The Behavior of Leaders

Last time we addressed the tangible management system activities of leaders. Now… what are the behaviors that leaders practice?

If there is one behavior where leaders must be great, it is communications. Most of us conjure up the articulate, even eloquent speaker, and that’s great. But there is an even more important aspect of communications that is under-trained and under-valued: listening. Effective communication requires a committed speaker and a committed listener. So often, as we listen we’re really re-loading, thinking of what we’re going to say next, rather focusing only and exactly on what is being said to us. We’re listening to the voice in our heads interpreting or judging what is being said, and not connecting to what the speaker is saying and any non-verbal communication that accompanies it.

Leaders listen for the way the organization, or the work, occurs to people throughout the org. Is it ‘wow, we’re changing the world’ or more of ‘same old, same old’? That listening, or if you prefer a different sense, that lens, pervasive though usually undeclared, is a primary driver of performance. Results are often a self-fulfilling prophecy of expectations, especially unspoken expectations. What futures are people living into? Are they inspired by those futures, or resigned to them? Does the future fulfill the hopes and concerns of everyone?

When your people know, really know, that they have been heard and considered, they are far more likely to bring their best talents and not just dial it in.  You create the opening for people to change their approach to their role from stone cutters to builders of elegant skyscrapers.

Listening implies a response. As a leader most of what you do is manage conversations. Speaking isn’t just about declarations, it’s about asking questions. What new future would be so compelling that it easily replaces the future that people are living into now? The listening or lens that people have on their future isn’t a fact… how can it be, it’s the future. So when you speak, offer a different lens, a lens in which people see so much personal and professional benefit that they enroll in the bigger game rather than play the old game to their individual liking.

Don’t orate, even in a formal presentation setting. People love to be in a conversation with their leaders, but most don’t like to feel they’re listening to a speech. Preparation is usually a good thing, but although Steve Jobs rehearsed extensively to achieve his goals, rehearsing can quickly rob you of authenticity which you can’t add back in. And remember these two quotes (c’mon, you know we revere quotes):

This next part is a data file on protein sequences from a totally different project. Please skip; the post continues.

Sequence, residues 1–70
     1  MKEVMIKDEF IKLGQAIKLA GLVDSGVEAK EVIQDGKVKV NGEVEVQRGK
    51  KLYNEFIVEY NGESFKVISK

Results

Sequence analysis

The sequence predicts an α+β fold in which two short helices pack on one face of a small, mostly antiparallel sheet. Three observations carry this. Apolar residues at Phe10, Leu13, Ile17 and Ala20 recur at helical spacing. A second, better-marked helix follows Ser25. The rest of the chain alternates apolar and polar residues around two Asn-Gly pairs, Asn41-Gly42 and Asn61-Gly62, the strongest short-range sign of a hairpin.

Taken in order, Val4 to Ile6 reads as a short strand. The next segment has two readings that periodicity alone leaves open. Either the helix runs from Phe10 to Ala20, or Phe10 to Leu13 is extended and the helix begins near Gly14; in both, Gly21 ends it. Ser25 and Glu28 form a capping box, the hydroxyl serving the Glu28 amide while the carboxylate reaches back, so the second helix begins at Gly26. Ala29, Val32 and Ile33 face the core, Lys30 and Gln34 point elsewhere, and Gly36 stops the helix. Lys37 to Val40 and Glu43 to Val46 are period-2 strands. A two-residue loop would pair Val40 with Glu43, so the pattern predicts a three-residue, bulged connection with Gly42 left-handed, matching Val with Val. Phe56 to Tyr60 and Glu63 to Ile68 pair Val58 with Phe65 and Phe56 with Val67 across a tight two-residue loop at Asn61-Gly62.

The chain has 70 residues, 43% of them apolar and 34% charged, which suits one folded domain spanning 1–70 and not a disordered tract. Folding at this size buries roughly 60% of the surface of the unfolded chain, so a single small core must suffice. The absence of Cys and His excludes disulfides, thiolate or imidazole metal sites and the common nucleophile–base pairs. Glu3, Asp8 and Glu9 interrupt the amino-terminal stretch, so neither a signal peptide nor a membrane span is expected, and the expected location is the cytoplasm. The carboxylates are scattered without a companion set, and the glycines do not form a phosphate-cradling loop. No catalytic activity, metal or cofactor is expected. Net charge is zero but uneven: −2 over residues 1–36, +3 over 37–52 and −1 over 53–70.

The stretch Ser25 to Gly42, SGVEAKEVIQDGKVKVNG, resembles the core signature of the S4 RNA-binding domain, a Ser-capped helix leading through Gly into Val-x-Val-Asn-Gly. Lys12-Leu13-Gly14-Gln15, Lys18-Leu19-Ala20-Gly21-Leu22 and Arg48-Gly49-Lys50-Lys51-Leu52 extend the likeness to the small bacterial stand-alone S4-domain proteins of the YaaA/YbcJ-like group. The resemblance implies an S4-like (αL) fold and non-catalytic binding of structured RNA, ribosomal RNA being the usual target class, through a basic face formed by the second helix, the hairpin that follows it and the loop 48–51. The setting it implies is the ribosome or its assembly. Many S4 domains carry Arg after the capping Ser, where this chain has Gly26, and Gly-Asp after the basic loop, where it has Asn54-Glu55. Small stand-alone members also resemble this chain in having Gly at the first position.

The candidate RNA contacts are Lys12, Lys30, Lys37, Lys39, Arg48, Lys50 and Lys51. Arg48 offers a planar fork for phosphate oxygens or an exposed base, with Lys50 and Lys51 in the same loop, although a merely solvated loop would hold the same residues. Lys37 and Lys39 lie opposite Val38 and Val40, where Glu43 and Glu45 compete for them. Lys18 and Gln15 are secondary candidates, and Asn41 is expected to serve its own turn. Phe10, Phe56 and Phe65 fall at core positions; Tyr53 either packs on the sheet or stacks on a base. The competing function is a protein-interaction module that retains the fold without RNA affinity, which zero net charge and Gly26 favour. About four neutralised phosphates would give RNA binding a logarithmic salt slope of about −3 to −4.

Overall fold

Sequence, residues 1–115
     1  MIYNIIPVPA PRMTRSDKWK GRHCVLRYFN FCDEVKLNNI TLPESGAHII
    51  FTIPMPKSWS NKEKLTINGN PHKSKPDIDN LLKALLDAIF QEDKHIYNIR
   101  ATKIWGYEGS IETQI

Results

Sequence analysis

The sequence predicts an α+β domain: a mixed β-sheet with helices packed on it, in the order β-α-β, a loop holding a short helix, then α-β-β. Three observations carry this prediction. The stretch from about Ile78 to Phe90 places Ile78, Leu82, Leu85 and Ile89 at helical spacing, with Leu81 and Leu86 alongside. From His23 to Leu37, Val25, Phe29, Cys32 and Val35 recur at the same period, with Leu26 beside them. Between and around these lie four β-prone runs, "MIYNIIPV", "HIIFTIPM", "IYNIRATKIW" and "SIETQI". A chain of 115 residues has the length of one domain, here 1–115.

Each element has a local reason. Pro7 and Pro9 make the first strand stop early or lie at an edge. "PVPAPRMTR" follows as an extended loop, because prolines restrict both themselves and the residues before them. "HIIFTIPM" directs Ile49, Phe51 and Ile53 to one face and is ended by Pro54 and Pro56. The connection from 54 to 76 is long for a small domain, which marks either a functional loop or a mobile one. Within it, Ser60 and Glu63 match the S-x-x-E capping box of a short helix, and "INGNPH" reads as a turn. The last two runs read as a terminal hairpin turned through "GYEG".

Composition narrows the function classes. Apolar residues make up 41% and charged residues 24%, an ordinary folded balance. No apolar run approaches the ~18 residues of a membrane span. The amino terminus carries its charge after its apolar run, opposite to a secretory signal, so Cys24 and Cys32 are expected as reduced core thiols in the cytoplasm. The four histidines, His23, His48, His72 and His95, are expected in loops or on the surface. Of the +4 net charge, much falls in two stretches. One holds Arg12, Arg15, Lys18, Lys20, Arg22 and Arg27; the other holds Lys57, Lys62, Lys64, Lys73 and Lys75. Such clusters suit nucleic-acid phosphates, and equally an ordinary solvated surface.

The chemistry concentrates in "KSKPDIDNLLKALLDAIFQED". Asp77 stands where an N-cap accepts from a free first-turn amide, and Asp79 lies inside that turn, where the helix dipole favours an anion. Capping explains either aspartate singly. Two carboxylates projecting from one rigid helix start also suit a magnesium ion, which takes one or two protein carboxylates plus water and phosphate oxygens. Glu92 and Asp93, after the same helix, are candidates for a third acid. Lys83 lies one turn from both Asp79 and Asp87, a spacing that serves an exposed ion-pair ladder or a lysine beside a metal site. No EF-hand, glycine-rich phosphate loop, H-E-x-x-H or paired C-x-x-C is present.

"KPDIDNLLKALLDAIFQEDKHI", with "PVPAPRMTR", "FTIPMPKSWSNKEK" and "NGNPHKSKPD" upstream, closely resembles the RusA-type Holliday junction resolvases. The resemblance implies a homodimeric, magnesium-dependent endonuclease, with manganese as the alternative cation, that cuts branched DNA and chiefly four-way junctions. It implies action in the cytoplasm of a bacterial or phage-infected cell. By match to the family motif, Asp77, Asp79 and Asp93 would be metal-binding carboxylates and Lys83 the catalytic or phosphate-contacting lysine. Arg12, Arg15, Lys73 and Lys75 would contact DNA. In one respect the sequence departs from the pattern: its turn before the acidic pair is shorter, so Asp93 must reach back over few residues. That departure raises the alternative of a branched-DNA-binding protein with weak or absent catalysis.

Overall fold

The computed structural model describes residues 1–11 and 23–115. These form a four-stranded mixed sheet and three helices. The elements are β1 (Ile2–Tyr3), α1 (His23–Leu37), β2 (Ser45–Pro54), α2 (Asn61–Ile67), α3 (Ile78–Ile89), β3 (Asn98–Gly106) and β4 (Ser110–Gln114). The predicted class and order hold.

“In any situation, the person who can most accurately describe reality without laying blame will emerge as the leader, whether designated or not.” — Edwin Friedman

“I’ve learned that people will forget what you said, people will forget what you did, but people will never forget how you made them feel.” – Maya Angelou

People need to know that their leaders stand for their success, individually and collectively. They need to see a commitment to winning that calls for a high level of performance from everyone, starting with the leaders. A leader’s courage inspires courage from everyone… just as a leader’s lack of courage evoke more of that. You have to be the first one in the boat. When the boat starts rocking… and it will… people will resonate with mental toughness, what many refer to as grit. We’re fond of the Stockdale Paradox when difficulties arise: retain faith that you will prevail in the end, regardless of the difficulties AND at the same time confront the most brutal facts of your current reality, whatever they might be.

So as not to ignore the obvious, as important as communications are, your actions need to be in complete alignment with what you said. Many corporations invoke integrity, and the very essence of integrity is that you walk-the-talk. It always comes down to that.

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